Aperture refers to the size of the hole in a camera lens. The size of the hole is measured in f-stops: As you can see, the smaller the aperture, the larger the f-stop number, and vice versa. Aperture has a significant impact on the brightness and depth of field of the image. Because the aperture is smaller, large f-stops let in less light but also have a deeper depth of field. As a result, landscape photos and videos use a larger f-stop, where both distant and nearby subjects are clearly in focus. Smaller f-stops let in more light but have a shorter depth of field, where nearby objects are in focus but the background is blurry. Playing with aperture can allow you to take creative shots, such as having a blurry background to deliberately emphasize something important in the foreground. If you’re shooting indoors though, it is best to have a lower f-stop to maximize the amount of light in the camera. Because you aren’t likely to have a distant background indoors, you do not need to worry about having a wide depth of field.

Shallow depth of field, f/1.4

Deep depth of field, f/22

Shutter Speed

Shutter speed, also called exposure time, refers to the amount of time each individual frame is exposed while video is recorded. Shutter speed is measured in fractions, so if you are recording at 1/100, that means each frame is exposed to the image for 1/100th of a second. The faster the shutter speed, the less time the frame is exposed to light, resulting in a darker image. Faster shutter speeds also result in less motion blur in the image, which makes the motion in the video look jittery and unrealistic. As a result, typically the recommendation is for the shutter speed to be set at approximately double the frame rate, so a frame rate of 24fps should be shot at a typical shutter speed of 1/50. a 60fps video should be shot at a shutter speed of 1/100 or 1/125. This is known as the 180 degree rule. This video explains and demonstrates how shutter speed changes the motion blur in video: You can break the 180 degree rule if you want the video to look shaky and jittery for a specific effect, such as in an action or horror scene.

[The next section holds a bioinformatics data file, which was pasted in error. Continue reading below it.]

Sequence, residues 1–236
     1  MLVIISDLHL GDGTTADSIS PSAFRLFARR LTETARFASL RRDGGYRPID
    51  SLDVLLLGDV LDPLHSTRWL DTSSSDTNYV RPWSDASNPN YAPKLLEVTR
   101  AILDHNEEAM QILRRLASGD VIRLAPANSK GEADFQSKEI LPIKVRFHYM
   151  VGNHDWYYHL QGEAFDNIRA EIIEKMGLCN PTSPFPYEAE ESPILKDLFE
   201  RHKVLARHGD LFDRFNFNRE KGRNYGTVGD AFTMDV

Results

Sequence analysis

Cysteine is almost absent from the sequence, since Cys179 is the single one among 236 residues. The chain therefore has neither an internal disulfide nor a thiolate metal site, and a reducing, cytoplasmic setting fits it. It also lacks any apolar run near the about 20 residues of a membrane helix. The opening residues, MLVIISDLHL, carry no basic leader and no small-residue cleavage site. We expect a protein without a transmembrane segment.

ISO refers to the sensitivity of the camera’s sensor to light. The higher the ISO, the more sensitive the camera is to light, and therefore the resulting image will be brighter. However, higher ISO also results in a grainier image. Changing the ISO is typically a last resort for improving the lighting of a video. This video demonstrates different levels of ISO and how they affect the lighting and quality of the image:


Adding lights to a scene can drastically improve its quality and appearance, negating the need to adjust ISO or other settings to brighten an image. There are many different ways to arrange lighting in video, but we will just stick to the most basic: a three-point lighting setup. This consists of a key light, a fill light, and a back light.

Key Light

As its name would suggest, the key light is the most important, and performs the primary role of lighting in a scene. The key light is usually the brightest of the three lights and points directly at the subject of a scene, but its angle and distance from the subject can be adjusted. In outdoor day scenes, the sun often functions as the key light. As a result, you have less control over the lighting in an outdoor scene.

Fill Light

Due to its direct intensity, the key light generates intense shadows where it does not hit. This strong contrast between light and dark is known as chiaroscuro. The fill light is used to reduce the chiaroscuro of the image by pointing at the side angle not hit by the key light. The fill light is less intense than the key light, usually 50% to 70% as intense, though the degree of intensity can be adjusted to increase or decrease the chiaroscuro. In some cases you may want chiaroscuro for some sort of effect. It can be used to pop out the light parts of the image and increase the moodiness of a scene. Chiaroscuro was widely used in film noir and other black and white films. If you want chiaroscuro, either reduce the intensity of the fill light or forgo it altogether.

Back Light

The back light, also known as rim, hair, or shoulder light, is usually placed behind the subject in order to create a subtle glow effect on the edge of the subject. This makes the subject stand out from the background and increase the 3D depth of the video. The back light is typically the least intense of the three lights.

Background Light

Another typical light is the background light, which would be used in a four point light setup. This light is pointed towards background elements in the scene, which may be desired if there are excessive shadows cast by foreground subjects. This video tutorial demonstrates the implementation of a three point lighting setup: